I don't see how this is feasible by any means. There is so much ambiguity involved... For example: Does looking at porn online and not clearing my cookies or browser data constitute as porn? If the porn is in a temp folder does that count because as soon as I turn of my computer then the will no longer be there. If I delete the porn it's still recoverable with some tools... does that count?
I can also see this being bad for geeks. What happens if they doubt me and force me to turn on my laptop and it boots to a CLI? They'd probably confiscate it and tear it appart to find out what sort of commy-porn-smuggeling-system I'm using...
What if I have the porn stored in a vm on my machine? Do those guys even know what a vm is? What if I have a totally unsuspecting laptop and I'm actually trying to smuggle porn by store in on a disc partition and clearing the disc information from fstab (or windows equivalent so as not to be suspicious)?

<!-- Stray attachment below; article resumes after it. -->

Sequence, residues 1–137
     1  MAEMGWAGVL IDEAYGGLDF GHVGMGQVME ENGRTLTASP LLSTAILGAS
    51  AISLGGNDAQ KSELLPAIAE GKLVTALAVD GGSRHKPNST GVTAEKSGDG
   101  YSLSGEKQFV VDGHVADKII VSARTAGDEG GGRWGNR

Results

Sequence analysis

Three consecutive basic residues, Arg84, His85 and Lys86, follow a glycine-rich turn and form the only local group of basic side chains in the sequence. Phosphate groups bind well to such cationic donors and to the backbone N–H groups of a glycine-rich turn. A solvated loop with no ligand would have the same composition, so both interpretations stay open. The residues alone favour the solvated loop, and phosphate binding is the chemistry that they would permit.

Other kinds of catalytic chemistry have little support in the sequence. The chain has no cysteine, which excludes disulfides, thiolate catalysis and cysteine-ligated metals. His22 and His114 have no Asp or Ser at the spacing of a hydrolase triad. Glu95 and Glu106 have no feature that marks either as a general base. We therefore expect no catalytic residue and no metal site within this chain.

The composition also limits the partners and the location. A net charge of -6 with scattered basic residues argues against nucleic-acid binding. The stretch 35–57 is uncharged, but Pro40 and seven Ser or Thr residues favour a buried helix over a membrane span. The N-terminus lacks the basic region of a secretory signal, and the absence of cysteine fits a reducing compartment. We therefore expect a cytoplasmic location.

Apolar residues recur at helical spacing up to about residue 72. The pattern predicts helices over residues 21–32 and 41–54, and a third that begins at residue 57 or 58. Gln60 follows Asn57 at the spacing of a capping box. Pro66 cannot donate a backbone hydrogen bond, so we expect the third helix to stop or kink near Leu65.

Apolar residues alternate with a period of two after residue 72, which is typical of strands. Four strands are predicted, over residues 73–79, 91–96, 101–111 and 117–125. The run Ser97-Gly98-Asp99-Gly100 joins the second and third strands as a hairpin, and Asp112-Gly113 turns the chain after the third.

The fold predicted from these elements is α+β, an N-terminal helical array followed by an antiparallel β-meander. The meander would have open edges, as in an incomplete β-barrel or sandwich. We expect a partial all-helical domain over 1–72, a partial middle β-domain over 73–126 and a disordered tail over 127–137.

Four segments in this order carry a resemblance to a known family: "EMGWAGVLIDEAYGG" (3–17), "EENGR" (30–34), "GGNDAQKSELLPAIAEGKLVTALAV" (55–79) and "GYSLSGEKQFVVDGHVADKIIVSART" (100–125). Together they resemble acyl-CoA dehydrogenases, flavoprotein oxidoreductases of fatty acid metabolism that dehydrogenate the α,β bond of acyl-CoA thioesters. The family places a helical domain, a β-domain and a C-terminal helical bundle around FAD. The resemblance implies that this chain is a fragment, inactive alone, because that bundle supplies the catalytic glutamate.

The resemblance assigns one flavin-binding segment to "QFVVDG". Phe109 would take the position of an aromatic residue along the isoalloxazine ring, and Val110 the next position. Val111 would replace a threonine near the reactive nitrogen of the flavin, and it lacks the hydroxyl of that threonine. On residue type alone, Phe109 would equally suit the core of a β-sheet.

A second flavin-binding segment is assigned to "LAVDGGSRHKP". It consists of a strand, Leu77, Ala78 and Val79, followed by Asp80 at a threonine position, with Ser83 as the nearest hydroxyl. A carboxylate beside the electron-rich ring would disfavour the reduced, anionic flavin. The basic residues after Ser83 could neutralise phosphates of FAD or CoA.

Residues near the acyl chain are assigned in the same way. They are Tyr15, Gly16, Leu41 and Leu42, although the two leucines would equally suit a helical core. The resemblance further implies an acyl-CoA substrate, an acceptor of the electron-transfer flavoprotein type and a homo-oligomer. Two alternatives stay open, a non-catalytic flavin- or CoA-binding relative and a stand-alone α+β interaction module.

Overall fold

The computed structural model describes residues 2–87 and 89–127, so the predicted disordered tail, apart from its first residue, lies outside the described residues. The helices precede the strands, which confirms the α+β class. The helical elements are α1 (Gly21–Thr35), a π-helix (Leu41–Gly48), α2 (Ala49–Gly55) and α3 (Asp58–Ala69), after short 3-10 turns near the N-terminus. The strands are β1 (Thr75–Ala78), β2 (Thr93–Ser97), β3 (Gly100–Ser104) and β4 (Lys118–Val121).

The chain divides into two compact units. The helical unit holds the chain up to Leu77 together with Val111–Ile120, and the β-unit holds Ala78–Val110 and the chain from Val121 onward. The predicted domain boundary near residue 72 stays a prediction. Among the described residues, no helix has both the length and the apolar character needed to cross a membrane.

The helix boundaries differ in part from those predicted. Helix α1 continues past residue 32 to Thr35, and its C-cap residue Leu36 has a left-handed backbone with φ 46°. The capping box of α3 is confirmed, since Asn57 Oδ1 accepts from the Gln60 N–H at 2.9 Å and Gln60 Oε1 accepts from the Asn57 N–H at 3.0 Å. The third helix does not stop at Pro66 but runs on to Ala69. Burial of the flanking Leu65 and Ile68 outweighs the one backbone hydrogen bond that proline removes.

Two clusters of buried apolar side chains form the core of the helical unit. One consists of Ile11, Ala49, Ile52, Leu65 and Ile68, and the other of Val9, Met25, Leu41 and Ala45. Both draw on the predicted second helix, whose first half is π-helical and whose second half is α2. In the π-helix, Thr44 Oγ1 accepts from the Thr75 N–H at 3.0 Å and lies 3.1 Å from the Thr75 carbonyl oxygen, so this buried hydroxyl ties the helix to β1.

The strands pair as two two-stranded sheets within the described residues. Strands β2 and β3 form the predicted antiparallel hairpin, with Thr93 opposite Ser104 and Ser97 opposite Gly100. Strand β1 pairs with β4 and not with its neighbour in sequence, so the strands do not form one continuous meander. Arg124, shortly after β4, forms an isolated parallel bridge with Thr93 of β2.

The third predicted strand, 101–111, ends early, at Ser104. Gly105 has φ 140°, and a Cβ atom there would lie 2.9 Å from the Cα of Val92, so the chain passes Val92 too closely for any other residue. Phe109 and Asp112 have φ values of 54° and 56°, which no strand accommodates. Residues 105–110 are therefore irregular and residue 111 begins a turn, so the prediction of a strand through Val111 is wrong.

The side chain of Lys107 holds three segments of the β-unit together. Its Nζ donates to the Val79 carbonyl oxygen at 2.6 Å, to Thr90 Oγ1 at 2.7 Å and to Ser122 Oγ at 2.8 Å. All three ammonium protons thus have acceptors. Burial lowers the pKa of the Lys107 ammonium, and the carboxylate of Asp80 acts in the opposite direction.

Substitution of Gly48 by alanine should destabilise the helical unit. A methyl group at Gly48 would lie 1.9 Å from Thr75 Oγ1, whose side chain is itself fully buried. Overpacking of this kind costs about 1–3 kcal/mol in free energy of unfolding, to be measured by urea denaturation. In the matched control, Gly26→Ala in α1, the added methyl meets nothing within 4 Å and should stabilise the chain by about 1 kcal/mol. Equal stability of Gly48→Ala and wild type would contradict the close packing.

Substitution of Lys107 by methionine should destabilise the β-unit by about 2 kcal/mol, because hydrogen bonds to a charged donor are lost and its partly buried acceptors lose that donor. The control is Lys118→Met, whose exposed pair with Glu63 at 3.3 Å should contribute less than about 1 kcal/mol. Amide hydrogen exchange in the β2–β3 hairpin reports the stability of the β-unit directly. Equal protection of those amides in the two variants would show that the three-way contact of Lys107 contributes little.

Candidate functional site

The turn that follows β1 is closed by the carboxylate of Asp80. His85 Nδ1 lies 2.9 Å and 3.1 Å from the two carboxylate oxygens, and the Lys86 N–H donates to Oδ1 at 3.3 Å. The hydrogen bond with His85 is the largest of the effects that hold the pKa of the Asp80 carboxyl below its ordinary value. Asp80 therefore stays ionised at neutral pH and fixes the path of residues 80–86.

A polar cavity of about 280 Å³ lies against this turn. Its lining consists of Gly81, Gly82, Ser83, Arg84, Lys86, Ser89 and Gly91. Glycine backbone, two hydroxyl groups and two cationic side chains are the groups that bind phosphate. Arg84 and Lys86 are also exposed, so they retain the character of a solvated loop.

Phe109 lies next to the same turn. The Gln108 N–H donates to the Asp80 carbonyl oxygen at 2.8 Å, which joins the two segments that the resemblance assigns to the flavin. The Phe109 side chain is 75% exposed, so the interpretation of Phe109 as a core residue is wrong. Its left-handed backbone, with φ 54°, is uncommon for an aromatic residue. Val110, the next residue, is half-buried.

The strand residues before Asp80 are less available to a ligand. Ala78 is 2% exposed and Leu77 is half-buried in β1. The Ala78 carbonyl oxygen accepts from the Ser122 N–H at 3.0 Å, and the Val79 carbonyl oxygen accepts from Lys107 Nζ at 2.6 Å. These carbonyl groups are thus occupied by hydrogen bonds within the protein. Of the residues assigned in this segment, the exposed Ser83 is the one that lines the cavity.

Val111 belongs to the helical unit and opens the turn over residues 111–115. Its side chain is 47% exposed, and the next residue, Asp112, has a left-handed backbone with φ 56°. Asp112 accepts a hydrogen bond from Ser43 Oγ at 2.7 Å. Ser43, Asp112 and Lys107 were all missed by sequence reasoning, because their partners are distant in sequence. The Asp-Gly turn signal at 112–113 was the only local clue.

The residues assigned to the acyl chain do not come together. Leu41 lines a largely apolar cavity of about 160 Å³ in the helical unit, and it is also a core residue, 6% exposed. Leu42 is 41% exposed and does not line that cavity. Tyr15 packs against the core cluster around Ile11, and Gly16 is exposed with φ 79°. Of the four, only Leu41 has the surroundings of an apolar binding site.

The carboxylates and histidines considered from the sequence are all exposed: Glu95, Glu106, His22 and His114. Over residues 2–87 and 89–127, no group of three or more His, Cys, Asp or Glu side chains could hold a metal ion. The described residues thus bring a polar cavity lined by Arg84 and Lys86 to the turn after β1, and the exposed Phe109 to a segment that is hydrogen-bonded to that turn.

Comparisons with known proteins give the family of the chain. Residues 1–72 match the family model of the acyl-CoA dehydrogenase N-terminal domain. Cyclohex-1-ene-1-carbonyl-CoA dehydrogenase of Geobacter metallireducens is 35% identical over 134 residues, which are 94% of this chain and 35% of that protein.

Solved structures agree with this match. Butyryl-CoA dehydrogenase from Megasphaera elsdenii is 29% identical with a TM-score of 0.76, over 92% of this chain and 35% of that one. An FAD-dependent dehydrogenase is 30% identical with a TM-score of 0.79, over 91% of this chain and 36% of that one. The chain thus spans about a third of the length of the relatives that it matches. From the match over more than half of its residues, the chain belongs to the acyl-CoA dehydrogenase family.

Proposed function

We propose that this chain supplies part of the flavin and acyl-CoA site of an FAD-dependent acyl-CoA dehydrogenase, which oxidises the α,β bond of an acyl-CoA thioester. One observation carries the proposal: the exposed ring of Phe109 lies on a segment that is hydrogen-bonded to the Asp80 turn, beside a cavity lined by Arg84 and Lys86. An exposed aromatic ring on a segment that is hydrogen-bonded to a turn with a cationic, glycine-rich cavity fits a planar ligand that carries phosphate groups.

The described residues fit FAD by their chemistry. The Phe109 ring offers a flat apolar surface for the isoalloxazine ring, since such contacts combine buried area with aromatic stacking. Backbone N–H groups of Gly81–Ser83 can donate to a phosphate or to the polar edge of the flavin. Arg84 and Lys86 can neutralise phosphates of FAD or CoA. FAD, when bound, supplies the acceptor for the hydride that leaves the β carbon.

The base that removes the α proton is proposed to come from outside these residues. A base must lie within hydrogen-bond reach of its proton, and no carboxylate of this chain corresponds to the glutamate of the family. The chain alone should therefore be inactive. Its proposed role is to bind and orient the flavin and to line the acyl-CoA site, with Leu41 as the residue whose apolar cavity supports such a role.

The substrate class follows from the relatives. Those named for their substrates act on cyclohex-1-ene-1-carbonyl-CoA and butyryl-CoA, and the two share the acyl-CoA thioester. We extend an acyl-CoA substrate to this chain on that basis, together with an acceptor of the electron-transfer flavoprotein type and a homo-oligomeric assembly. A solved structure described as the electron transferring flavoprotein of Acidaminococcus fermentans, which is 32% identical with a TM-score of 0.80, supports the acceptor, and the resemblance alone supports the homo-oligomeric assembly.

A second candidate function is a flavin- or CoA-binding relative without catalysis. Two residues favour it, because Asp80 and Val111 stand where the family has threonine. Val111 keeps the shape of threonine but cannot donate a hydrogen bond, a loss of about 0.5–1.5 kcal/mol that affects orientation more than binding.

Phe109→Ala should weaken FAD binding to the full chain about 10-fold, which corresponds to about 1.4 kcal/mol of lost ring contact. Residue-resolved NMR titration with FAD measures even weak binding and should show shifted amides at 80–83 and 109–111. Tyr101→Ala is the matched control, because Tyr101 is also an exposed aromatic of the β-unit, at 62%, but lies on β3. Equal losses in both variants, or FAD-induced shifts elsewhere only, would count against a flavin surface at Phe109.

There is so much grey area, and like so many of you said this will be a giant waste of time. I believe the most this will do is infuriate many of us who use unfamiliar systems and get them confiscated because of it.
I recently moved hemispheres and all the dvd's I own wont work on my fresh home theater system. Only option was to buy them again or download them and burn them myself. I'm sure you can guess what I did.
If you buy a movie it's yours to keep and watch... unless u move... then the mpaa says u can't watch it anymore:/
Yea, is it just me, or does microsoft seem to constantly be getting caught for stealing code? It's almost as if they could care less what the license says and just include it in their products because if they get caught they can afford to settle the dispute, but if they don't they get away with stealing and making a profit.
perhaps there should be someone (not a MS employee) hired to review code to see just how many infringements their are...